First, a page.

Downton Shabby: Unofficial collection of jewellery unveiled by U.S. TV network
With its memories of a bygone age and class, Downton Abbey has proven to be as big a hit in America as in Britain.
But despite being showered with awards across the Atlantic, producers of the ITV period drama are less than happy after an American TV network launched a collection of somewhat tasteless themed jewellery.
Producers Carnival were forced to call in lawyers to stop the Public Broadcasting Service, the US network that airs Downton Abbey, from naming jewellery after the show’s most famous character, Lady Mary Crawley.
The unofficial collection and how much it will cost to look like the stars of Downton Abbey
PBS has launched the Downton Abbey collection for viewers who are keen to copy the style of Lady Mary and her sisters. The ‘Lady Mary knotted pearl necklace and earring set’, available for 102 ($159.99), was doing a roaring trade until Downton producers complained.
The PBS Downton merchandise website described the item as ‘the epitome of elegance, inspired by the character of Lady Mary Crawley, this luxuriously long pearl necklace and matching diamante earring set is a must have for all ladies of quality.’
The sales pitch added: ‘As it was in the Edwardian era, this stunning pearl necklace could easily move from your afternoon tea to evening dinner.
Matching diamante earrings add additional distinction for formal meals or other occasions.’
However none of the profits from the Downton Abbey Collection were returned to the writer and creator Julian Fellowes or Carnival Films, the UK producers of the series, which own the copyright to the series.
Carnival, which has approved an official range of Downton DVDs and books, was horrified to find that PBS, its broadcast partner, was cashing in on the show’s popularity.
A spokesman for Carnival said: ‘We did not authorise the sale of Lady Mary jewellery. Our lawyers have been in contact with PBS in order to remove these items from sale.’
PBS is continuing to sell the jewellery as part of its Downton Abbey collection, but has now agreed to remove direct references to Lady Mary and other characters from the show – and all mentions of Downton characters have now been deleted from the website.
Some of the jewellery has been named after two of the series' lead characters, Lady Mary Crawley (right) and Lady Sybil (centre), pictured here with Lady Edith
The ‘glamorous aristocratic chic’ on offer in the Downton Collection also includes a 1920s-style wool cloche hat with oversize buckle, in the style modelled by Lady Sybil, which would be perfect for country walks. That is on sale for just 28.91 ($45).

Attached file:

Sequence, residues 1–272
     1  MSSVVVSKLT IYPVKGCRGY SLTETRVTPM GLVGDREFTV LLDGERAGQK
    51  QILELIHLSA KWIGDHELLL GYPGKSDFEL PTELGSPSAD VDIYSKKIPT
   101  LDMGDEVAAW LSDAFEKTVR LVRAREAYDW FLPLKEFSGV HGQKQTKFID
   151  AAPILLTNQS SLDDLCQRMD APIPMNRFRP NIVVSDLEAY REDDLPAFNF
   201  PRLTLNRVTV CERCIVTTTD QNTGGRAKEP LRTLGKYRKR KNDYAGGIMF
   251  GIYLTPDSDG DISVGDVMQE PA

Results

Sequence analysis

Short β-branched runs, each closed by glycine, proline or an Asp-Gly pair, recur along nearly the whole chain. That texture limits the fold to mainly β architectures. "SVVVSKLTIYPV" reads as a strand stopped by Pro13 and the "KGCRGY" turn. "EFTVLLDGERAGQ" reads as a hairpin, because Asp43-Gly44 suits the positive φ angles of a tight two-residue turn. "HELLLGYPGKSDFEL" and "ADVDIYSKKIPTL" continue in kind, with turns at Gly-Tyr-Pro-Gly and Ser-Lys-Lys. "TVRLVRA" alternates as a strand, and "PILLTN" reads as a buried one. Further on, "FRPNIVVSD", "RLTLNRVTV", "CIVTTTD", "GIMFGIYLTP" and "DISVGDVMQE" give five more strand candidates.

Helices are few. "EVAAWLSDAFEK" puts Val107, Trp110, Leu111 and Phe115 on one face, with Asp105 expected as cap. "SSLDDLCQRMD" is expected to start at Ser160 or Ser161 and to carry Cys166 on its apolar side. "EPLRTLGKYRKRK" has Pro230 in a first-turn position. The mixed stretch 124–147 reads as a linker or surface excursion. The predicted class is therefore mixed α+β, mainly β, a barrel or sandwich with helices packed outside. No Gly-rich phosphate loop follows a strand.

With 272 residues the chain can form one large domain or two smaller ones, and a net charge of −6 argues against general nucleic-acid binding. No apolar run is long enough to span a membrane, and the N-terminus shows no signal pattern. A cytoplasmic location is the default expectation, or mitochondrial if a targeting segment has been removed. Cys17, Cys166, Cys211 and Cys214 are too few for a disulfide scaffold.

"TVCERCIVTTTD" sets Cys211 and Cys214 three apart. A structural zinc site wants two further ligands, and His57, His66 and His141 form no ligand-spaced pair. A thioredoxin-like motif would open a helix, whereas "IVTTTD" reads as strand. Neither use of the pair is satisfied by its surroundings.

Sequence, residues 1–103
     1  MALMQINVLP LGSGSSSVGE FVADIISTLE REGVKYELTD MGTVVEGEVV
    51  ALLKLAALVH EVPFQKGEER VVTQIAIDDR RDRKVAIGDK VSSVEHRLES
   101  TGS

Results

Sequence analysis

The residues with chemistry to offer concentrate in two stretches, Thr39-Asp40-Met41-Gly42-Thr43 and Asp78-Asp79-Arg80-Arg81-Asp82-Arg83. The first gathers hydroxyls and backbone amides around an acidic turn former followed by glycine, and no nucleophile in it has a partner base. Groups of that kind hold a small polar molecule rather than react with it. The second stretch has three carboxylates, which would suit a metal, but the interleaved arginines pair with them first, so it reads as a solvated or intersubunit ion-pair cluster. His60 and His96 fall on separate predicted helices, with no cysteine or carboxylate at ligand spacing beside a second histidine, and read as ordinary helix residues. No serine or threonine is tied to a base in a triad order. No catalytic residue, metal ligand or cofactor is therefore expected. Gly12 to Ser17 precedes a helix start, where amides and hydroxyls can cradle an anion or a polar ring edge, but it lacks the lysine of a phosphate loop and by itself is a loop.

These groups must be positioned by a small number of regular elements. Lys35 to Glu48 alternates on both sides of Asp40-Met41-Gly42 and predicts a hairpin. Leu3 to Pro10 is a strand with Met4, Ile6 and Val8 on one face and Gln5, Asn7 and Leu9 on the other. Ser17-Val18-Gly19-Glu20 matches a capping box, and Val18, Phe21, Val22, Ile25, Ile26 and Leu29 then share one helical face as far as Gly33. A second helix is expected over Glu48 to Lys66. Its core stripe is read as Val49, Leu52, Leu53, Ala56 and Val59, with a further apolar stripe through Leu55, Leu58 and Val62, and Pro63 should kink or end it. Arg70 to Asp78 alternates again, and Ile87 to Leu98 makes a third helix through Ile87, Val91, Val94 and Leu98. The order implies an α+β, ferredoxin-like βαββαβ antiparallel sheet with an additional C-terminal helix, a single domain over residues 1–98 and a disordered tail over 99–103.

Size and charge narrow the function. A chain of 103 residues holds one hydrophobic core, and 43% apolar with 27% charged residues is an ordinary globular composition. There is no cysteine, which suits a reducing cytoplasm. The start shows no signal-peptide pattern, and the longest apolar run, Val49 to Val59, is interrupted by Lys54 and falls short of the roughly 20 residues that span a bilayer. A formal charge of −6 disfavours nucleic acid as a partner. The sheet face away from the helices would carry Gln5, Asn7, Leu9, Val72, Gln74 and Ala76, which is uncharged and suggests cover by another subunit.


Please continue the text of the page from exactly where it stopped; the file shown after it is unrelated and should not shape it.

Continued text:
There are even flat caps on sale, while American viewers can then entertain guests with the 51.40 ($79.99) English Crown Tea Set, which includes a gold-detailed teapot and mug.
‘Celebrate the English tradition of teatime with this tea service elegant enough for any Countess or Lady,’ the website suggests. The tea, of course, can be brewed in a Dcor Copper Teakettle w/Brass Handle, available for 25.68 ($39.99).
American tourists are already flocking to Highclere House in Berkshire where the series is filmed. The ITV series won six Emma awards last year and was last week named best mini drama at the Golden Globes.
The second series of Downton Abbey lured 4.2 million viewers to the PBS network, doubling the US cable network’s average audience. While promoting the second series of Downton, which has just launched in the states, Lord Fellowes, 62, admitted he was surprised by its success in America.
A brooch and earring cameo set that are on offer for $54.99
A black simple pearl necklace with an asking price of 89.99
An antique button and pearl necklace and earring set: $82.99
This circular Victorian pearl earrings are going for $119.99
An English crown tea service set, which includes a gold-detailed teapot and mug 'elegant enough for any countess or lady' is on offer for $79.99
The writer – who confessed to basing the show on US TV hit NYPD Blue – has already been approached about turning Downton into a Hollywood movie.
And he said: ‘To me, all success is a delightful surprise, since one can absolutely never predict it. I was tremendously pleased when it became apparent that the show had gone down well in America.
‘The night of the Emmys, when we won six altogether, was one of the great nights of my life. You will probably ask about class division and so on, but class, as a topic, is of far less interest to the Americans than the British. Good for them.
‘What the Americans want to see is life in their drama. Life of all sorts: hard lives, easy lives, or lives which, like most of ours, are a mixture of the two. If we are popular there, then I would suggest, again rather timidly, that we have managed to get some of that into the drawing rooms and sculleries of Downton Abbey.’